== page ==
Sometimes, it feels like I can’t remember life before 9-11.
It’s the same feeling I got after I had my son, Ben. Within a week, it was almost like I couldn’t remember what life was like before I had him. Neither of those two things is true, of course. I can vaguely remember being able to do whatever I wanted, whenever I wanted — take naps, go out to eat in peace, spend two hours making dinner for my husband and myself. Likewise, I can vaguely remember a time before 9-11, a time when war was something I read about in history books or heard about on news reports from other countries. Terrorist attacks were a foreign notion, and war was unfathomable. It’s hard to remember what it was like to be so peaceful and innocent. It’s hard to remember what it was like to be so naïve.
I was in my senior year of high school that day, and like the rest of the country, experienced the flood of emotions: fear, anger, grief, shock. At school, we watched as the second plane flew into the second tower. We watched as people chose to jump to their deaths in order to escape the fiery hell burning inside the buildings. We listened to the tearful phone calls from on board the hijacked planes and wept at the loss of the heroes aboard Flight 93. We mourned the loss of the men and women who gave their lives to try to save others, the ones who ran in while everyone else was running out. The weeks following 9-11 were a blur of mourning and tears, of fear and confusion. At the time, I couldn’t understand how this happened, why it happened.
I understand now, of course. What I didn’t know, what I was never told, was that they had been trying to kill us for decades, that this was in no way the first time terrorists had attacked us. That peaceful, innocent naiveté was shattered to pieces that day.
It’s a completely different world now, and my son was born into it. He’ll never know what the before was like, he won’t know what it was like to think of war as an idea and not a reality. With a father in the Marine Corps, he’ll be more affected by it than most. Benjamin will never know what that day was like. He’ll read about it, he’ll hear about it. He’ll probably see video clips about it. But he’ll never be able to fully understand the horror of 9-11. He’ll never feel the fear, the anguish, and the grief that we all felt. None of the children born after 9-11 will. It’s a bittersweet feeling for me.
On the one hand, I don’t want him to ever, ever have to experience something like 9-11. It’s a large part of why my husband still fights, and why I support him, and urge him to keep going when he feels like he has to quit. Neither of us wants him to go through that. We don’t want him to have to go to war because our generation didn’t have the stomach or the backbone to finish it. We want to make the sacrifice now so that Ben won’t have to. We want to finish this fight now so that he won’t be made to fight it as well. No mother wants their child to ever have to experience a day like 9-11. It’s only natural.
Yet at the same time I can already feel the nation forgetting. For him, September 11th will be a day he reads about in history books. It will be an event as foreign to him as Pearl Harbor was for us. He’ll know about it, he’ll read about it. But will it lose its meaning to our future generations? Thinking of that makes my heart break a little.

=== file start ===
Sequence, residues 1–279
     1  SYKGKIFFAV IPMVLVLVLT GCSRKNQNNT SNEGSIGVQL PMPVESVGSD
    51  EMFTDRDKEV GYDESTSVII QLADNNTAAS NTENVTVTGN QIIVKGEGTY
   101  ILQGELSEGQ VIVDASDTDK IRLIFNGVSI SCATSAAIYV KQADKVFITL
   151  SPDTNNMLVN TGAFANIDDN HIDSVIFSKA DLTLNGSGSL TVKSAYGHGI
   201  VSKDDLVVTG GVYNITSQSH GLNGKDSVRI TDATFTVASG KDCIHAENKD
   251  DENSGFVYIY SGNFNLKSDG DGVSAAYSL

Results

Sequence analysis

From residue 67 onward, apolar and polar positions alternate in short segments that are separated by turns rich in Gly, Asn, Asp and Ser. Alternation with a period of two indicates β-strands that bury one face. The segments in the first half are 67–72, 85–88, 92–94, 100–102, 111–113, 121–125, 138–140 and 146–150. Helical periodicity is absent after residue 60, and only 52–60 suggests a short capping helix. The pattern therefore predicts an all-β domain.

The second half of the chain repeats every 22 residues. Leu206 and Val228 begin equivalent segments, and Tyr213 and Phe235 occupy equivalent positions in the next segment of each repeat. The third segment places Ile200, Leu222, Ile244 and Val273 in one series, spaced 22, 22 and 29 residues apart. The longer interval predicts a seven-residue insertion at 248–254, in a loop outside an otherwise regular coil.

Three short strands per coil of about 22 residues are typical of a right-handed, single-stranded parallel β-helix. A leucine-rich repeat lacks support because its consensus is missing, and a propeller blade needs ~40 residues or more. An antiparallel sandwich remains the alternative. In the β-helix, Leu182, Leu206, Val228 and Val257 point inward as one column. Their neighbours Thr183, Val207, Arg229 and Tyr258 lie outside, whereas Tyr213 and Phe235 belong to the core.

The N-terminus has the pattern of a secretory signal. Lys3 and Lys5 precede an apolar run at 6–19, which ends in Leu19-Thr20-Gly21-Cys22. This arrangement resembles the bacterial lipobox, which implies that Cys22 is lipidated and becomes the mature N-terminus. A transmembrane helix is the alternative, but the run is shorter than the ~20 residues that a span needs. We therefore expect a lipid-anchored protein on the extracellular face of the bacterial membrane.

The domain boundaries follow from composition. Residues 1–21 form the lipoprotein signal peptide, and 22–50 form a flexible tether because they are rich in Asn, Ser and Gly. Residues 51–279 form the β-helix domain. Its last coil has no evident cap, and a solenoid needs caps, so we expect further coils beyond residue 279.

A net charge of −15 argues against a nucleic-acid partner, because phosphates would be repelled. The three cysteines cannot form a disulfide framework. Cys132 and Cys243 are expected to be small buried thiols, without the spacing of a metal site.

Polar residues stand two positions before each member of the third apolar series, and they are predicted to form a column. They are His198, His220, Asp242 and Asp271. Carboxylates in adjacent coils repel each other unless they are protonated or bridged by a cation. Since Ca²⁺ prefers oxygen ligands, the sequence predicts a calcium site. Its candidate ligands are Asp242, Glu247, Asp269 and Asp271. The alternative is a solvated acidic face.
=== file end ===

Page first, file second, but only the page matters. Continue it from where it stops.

When my husband and I visited Pearl Harbor, and went to the USS Arizona memorial, it was evident that December 6th was no longer a day that would forever live in infamy. It was no longer a hallowed monument to the men and women who gave their lives that day. While we read in silent reverence the stories of the heroes who gave their lives fighting, or died to let others live, other people there passed by them without a second glance. We cried as we looked at the names of those who died on the USS Arizona, and the names of the survivors who chose to be forever entombed with their shipmates. Other people joked and laughed about it. Will it be the same for my son? For America’s future generations of children? Will 9-11 be a day of solemnity and respect for them, or will it just be another day, like Memorial Day? When he visits the 9-11 Memorial, will he stare in reverence at the names of the heroes who perished, or will he laugh and joke about it, too?
I don’t want him to have to go through the horror of 9-11, but I don’t want it to become a forgotten, overlooked date in our nation’s history, either. He can’t understand why his father became a Marine if he doesn’t understand 9-11. He can’t understand why Daddy has to be gone all the time if he doesn’t know what he’s off fighting for. And if, God forbid, the worst should happen, he won’t know what his dad gave his life for. I can tell him about it when he’s old enough, I can show him pictures and videos. I can instill a certain amount of respect and reverence. But will it be enough to keep it from becoming our Pearl Harbor?
I don’t want my son to live in fear. But I do want him to remember 9-11, and to honor the lives lost that day. I want him to honor and appreciate the sacrifice his father is making, and to understand why.
More than anything, I’d love to keep him safe from all of this, to keep his little mind as innocent and naïve as mine was all those years ago. But that wouldn’t be real, and it wouldn’t be right. The truth is, it may have been ten years ago. But the world was changed forever on that sunny September day. I’m a parent in a post 9-11 world, and nothing I say or do can change that.